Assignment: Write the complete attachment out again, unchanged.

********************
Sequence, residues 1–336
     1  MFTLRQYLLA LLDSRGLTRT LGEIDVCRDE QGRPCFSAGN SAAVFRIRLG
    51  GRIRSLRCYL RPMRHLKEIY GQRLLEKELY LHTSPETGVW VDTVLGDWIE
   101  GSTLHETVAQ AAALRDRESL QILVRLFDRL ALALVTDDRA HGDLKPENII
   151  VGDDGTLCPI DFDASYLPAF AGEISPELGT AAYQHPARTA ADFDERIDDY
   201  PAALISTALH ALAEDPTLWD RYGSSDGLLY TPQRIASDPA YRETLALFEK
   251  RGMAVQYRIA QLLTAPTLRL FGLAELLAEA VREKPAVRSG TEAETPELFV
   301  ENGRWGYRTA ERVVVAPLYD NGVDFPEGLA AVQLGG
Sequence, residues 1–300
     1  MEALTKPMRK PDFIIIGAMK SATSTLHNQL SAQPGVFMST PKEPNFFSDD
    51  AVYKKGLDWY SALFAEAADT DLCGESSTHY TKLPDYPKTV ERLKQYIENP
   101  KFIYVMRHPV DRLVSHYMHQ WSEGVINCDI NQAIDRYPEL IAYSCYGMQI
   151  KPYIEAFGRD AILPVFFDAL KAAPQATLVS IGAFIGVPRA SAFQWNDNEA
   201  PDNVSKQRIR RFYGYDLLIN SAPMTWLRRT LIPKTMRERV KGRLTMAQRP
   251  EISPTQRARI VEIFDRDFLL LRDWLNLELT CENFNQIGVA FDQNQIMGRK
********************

Sequence, residues 1–336
     1  MFTLRQYLLA LLDSRGLTRT LGEIDVCRDE QGRPCFSAGN SAAVFRIRLG
    51  GRIRSLRCYL RPMRHLKEIY GQRLLEKELY LHTSPETGVW VDTVLGDWIE
   101  GSTLHETVAQ AAALRDRESL QILVRLFDRL ALALVTDDRA HGDLKPENII
   151  VGDDGTLCPI DFDASYLPAF AGEISPELGT AAYQHPARTA ADFDERIDDY
   201  PAALISTALH ALAEDPTLWD RYGSSDGLLY TPQRIASDPA YRETLALFEK
   251  RGMAVQYRIA QLLTAPTLRL FGLAELLAEA VREKPAVRSG TEAETPELFV
   301  ENGRWGYRTA ERVVVAPLYD NGVDFPEGLA AVQLGG
Sequence, residues 1–300
     1  MEALTKPMRK PDFIIIGAMK SATSTLHNQL SAQPGVFMST PKEPNFFSDD
    51  AVYKKGLDWY SALFAEAADT DLCGESSTHY TKLPDYPKTV ERLKQYIENP
   101  KFIYVMRHPV DRLVSHYMHQ WSEGVINCDI NQAIDRYPEL IAYSCYGMQI
   151  KPYIEAFGRD AILPVFFDAL KAAPQATLVS IGAFIGVPRA SAFQWNDNEA
   201  PDNVSKQRIR RFYGYDLLIN SAPMTWLRRT LIPKTMRERV KGRLTMAQRP
   251  EISPTQRARI VEIFDRDFLL LRDWLNLELT CENFNQIGVA FDQNQIMGRK